President Biden’s approval for big business protection came one step closer to Tuesday after the Occupational Safety and Health Administration (OSHA) submitted the first draft of the emergency protection policy to the Office of Management and Budget for review.
Last month, the president announced businesses with more than 100 employees will be required to administer coronavirus injections or administer weekly exams. Employers also need to pay employees time to go for a vaccination and to recover from the consequences.
The law will take effect once the OMB has completed its review and has been released in the national register.
“The Occupational Safety and Health Administration has been working urgently to improve the level of emergency coverage of 100 or more employees to ensure that their employees are vaccinated or weekly checked to protect workers from the spread of coronavirus in the workplace,” a spokesman for the Department of Labor said in a statement. “On Tuesday, October 12, as part of the review process, the law sent the first draft of a temporary emergency to the Office of Management and Budget.”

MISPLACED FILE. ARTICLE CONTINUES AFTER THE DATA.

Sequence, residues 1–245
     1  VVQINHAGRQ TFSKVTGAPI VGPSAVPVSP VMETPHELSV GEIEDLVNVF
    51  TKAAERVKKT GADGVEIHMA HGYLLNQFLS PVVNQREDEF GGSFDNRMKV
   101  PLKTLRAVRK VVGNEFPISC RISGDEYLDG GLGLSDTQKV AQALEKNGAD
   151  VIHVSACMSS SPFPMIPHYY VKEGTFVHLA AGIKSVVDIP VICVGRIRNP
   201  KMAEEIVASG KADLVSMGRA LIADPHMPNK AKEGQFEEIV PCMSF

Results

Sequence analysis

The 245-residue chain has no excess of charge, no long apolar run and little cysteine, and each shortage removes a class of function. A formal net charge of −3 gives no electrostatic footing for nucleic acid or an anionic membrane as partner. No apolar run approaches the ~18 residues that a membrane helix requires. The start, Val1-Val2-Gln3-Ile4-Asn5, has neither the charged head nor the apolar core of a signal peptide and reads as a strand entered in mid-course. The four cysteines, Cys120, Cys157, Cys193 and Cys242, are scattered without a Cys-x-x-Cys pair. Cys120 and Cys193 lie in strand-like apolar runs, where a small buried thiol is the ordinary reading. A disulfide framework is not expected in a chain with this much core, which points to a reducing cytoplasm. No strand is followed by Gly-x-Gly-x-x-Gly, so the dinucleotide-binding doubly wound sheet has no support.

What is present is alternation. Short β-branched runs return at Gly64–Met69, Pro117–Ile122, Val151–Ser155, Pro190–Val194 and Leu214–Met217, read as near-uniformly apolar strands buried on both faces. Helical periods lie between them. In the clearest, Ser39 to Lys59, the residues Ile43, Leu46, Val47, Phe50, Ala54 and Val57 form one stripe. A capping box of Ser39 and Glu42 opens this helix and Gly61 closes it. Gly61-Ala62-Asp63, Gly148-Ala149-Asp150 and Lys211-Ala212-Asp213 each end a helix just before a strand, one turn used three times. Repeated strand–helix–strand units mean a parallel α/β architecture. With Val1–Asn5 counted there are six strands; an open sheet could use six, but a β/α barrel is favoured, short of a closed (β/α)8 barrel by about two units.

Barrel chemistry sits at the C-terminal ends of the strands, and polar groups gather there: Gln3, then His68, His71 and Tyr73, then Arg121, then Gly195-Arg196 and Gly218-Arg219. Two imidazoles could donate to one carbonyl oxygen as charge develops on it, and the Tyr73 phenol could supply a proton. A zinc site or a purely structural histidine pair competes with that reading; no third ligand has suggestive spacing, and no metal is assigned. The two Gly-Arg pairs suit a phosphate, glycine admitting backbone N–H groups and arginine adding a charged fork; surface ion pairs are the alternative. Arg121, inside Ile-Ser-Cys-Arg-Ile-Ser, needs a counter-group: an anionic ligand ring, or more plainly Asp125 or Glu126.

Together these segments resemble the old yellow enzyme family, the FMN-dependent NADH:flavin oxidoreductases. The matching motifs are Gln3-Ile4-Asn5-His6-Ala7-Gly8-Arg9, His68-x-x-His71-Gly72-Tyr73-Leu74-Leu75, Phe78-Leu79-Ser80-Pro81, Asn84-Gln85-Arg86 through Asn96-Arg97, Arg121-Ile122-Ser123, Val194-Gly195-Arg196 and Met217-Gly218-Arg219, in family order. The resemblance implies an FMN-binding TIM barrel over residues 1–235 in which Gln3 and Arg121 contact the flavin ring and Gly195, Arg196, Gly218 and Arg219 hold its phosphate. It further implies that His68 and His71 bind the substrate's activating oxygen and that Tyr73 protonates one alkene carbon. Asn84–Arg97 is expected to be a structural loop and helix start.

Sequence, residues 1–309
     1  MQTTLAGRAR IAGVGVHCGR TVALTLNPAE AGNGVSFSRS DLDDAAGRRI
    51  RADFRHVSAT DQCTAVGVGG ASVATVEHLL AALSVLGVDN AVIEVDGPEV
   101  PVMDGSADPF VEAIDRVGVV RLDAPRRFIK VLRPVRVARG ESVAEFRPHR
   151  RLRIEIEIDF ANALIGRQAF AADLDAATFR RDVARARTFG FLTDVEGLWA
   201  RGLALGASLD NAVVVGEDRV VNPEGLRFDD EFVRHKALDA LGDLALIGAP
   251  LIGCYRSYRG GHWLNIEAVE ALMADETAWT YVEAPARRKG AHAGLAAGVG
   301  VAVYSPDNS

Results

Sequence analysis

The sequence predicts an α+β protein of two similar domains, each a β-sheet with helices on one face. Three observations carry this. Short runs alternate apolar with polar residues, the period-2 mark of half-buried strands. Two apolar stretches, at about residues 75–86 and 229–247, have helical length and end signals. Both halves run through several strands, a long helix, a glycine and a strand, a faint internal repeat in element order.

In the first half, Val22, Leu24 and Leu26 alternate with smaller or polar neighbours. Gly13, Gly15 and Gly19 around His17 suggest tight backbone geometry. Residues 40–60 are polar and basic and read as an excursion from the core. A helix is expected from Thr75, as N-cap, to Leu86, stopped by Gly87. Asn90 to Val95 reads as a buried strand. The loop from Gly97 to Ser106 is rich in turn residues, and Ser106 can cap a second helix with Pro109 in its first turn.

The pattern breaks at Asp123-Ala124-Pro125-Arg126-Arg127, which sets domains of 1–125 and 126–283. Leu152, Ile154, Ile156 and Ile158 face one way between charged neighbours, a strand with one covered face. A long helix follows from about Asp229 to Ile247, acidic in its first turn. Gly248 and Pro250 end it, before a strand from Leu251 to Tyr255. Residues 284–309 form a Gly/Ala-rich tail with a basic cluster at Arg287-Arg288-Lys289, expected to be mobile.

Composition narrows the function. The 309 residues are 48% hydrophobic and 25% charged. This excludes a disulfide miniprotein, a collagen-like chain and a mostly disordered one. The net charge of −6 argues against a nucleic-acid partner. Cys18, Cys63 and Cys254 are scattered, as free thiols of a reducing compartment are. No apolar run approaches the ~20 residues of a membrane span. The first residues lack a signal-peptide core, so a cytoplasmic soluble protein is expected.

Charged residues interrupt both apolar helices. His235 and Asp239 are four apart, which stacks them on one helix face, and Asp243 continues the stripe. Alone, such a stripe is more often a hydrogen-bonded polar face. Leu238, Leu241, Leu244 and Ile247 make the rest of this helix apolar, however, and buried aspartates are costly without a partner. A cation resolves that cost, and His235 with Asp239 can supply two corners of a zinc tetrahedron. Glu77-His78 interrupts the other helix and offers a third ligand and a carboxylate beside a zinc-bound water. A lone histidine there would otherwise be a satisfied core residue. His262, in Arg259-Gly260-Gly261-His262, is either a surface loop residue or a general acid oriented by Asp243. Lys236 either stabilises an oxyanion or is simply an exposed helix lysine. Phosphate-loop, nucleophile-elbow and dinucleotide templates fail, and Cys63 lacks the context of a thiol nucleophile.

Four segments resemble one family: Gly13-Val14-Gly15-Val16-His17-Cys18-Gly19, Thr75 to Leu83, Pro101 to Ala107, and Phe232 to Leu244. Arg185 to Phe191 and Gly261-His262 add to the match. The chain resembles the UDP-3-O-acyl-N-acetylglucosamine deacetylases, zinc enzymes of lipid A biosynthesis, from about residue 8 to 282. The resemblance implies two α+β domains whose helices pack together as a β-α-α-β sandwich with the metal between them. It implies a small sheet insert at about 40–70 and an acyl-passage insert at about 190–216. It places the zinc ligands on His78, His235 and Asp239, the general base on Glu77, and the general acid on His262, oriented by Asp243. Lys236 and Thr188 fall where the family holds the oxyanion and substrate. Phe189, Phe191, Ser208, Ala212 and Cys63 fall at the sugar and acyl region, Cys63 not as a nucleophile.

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Twelve Republican lawyers have threatened to sue management over power, calling it “unsafe and unprofitable” in a joint letter on September 16.
“From the point of view, this law cannot win hearts and minds – it only leads to uncertainty,” a letter to Biden said. “And it’s better that some Americans just leave the job market than imitate.”
Non-compliant businesses may face government funding but most OSHA may rely on compliance, targeting their profits to repeat offenders, according to NBC News.
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The management has not provided an OB inspection report but may be completed within the next few weeks.
Fox News’ Kelly Chernenkoff contributed to this report.